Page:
For all the fun and frolic that the nation's media elite was enjoying over the now-delayed execution of Timothy McVeigh, there remains a nagging question in their minds about the Oklahoma City bombing that McVeigh now openly admits having committed: Why doesn't this terrorist feel any guilt?
The question permeates the best-selling examination of the bombing and the bomber, American Terrorist: Timothy McVeigh and the Oklahoma City Bombing, by Buffalo News reporters Lou Michel and Dan Herbeck, and it pops up at the end of the series of letters that McVeigh wrote to yet another journalist, Phil Bacharach, published in Esquire this month. (RealAudio interview with Bacharach, 30 min.)
Indeed, in both the book and the letters, McVeigh, guilty of the largest mass murder in American history, is also probably the cheeriest murderer in all of history. In the letters to Mr. Bacharach, he is mainly concerned about the movies and TV shows he's been watching (his favorite seems to be Clint Eastwood's "Unforgiven," but he didn't much care for "Seinfeld").
As for the bombing, he shows no remorse, regret or guilt whatsoever; he's referred to the day care center and the children he slaughtered in the Murrah Building as "collateral damage" and compared all his innocent victims to the imaginary bad guys of "Star Wars." As Mr. Bacharach himself concludes his article, "It is beyond me to reconcile the Timothy McVeigh who murdered 168 people with the writer of these letters.... I do know one thing: In the written word, at least, he has not a whisper of conscience."
Is that because McVeigh is a "psychopath" or "sociopath" or fits some other psycho-babble label invented to explain the unexplainable? Probably not. The psychiatrist who studied him in prison doesn't use such terms but has no better explanation himself. Moreover, McVeigh has always claimed he didn't know the day care center was there, that it wasn't visible from the street, that he would have picked another target if he had known, that he tried to avoid harming non-government employees.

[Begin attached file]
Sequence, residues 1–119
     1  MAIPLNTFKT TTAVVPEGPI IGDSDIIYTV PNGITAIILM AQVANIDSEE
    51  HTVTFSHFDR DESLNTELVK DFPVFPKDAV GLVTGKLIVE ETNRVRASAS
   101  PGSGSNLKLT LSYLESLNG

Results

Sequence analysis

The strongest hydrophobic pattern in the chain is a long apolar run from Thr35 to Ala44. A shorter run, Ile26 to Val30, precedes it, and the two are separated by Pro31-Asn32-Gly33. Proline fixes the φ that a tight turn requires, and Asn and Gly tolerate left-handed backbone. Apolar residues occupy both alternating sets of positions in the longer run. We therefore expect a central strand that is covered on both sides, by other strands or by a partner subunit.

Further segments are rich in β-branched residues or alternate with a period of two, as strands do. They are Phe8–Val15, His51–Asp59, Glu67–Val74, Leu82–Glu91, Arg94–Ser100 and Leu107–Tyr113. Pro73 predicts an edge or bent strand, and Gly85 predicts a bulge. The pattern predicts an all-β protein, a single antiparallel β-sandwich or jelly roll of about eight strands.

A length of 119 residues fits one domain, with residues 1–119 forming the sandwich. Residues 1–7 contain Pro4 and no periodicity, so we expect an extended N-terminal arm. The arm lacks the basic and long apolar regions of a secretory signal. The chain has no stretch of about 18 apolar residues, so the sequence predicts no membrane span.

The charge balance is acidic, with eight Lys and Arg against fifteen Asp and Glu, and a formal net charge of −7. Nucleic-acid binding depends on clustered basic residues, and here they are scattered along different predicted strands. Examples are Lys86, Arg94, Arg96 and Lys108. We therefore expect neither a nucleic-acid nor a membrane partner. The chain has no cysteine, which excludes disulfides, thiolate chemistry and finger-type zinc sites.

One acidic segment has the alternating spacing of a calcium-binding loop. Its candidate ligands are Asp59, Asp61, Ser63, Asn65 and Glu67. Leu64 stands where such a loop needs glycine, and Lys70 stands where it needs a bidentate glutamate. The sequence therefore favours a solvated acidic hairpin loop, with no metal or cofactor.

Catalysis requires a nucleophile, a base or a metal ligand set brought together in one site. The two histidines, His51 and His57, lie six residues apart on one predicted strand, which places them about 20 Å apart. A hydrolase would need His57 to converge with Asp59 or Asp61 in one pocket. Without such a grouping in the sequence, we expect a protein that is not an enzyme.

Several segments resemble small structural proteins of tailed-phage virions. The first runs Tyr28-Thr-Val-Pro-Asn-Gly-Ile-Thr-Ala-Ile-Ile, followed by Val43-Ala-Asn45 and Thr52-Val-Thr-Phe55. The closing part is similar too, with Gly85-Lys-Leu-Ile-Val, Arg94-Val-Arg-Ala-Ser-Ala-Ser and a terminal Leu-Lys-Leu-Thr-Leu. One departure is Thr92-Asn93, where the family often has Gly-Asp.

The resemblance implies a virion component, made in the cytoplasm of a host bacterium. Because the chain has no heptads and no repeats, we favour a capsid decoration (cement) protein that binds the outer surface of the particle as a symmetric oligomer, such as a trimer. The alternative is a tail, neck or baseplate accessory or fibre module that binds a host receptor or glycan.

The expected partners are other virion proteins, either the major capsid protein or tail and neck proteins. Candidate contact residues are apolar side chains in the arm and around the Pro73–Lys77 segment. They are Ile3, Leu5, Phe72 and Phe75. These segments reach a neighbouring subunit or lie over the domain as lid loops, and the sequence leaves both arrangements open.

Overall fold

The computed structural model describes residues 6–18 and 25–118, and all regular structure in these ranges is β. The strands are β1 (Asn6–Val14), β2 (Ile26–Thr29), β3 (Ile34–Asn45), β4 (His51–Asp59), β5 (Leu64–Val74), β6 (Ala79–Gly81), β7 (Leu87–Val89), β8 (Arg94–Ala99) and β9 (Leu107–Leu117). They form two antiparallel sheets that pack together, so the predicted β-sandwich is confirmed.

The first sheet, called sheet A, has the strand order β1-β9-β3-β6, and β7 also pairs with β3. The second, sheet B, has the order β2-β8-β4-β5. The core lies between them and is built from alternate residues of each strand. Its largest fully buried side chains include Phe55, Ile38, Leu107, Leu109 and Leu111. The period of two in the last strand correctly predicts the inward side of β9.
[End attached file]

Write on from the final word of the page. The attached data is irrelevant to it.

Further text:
Most of that, of course, doesn't help. Even if the day care center hadn't been there, the bombing was still more brutal than most people could ever imagine committing. And McVeigh really didn't try very hard to avoid "innocent" casualties. Any federal building is full of people who have nothing to do with the federal government McVeigh hates so much—taxpayers, crime victims, veterans, maybe even men like David Koresh of Waco or Randy Weaver of Ruby Ridge trying to extract a little justice for themselves. It didn't matter very much to Timothy McVeigh that he blew these kinds of good people up along with the bureaucrats, and it doesn't matter to him now.
But the reason it doesn't matter to him ought to be pretty clear from what he tells Mr. Michel and Mr. Herbeck and from what he's written to Fox News reporter Rita Cosby. Timothy McVeigh thinks of himself as a soldier fighting a war, and he has no more conscientious reaction to killing civilians, government employees or not, than Allied airplane pilots had in World War II when they firebombed Japanese and German civilians in Tokyo, Hiroshima, Nagasaki, and Dresden, or American pilots when they hit civilian targets in Vietnam, Iraq and Serbia.
"Bombing the Murrah Federal Building," McVeigh writes to Miss Cosby, "was morally and strategically equivalent to the U.S. hitting a government building in Serbia, Iraq or other nations. Based on observations of the policies of my own government, I viewed this action as an acceptable option. From this perspective, what occurred in Oklahoma City was no different than what Americans rain on the heads of others all the time and, subsequently, my mindset was and is one of clinical detachment."
"Clinical detachment" may not be an accurate description of how many American soldiers and airmen regard the killing of civilians, but it's probably true that most who have killed civilians don't agonize about it very much, and some (like those who to this day celebrate Arthur "Bomber" Harris, who led the murderous destruction of Dresden from the air two months before the end of World War II in Europe) go to their graves proud of it.
To understand why McVeigh feels no guilt for what he did is not to say that he shouldn't. What he did was indeed an act of mass murder that deserves death, if not a good deal more than death. But the point he tried to make in his act of murder remains a serious one—that in modern warfare as practiced routinely and happily by the United States and other modern democracies and increasingly in law enforcement, civilian targets and civilian casualties are acceptable—if not often deliberately targeted—casualties. After we kill Timothy McVeigh, Americans should think hard about what he was trying to tell us.
COPYRIGHT 2001 CREATORS SYNDICATE, INC.
May 14, 2001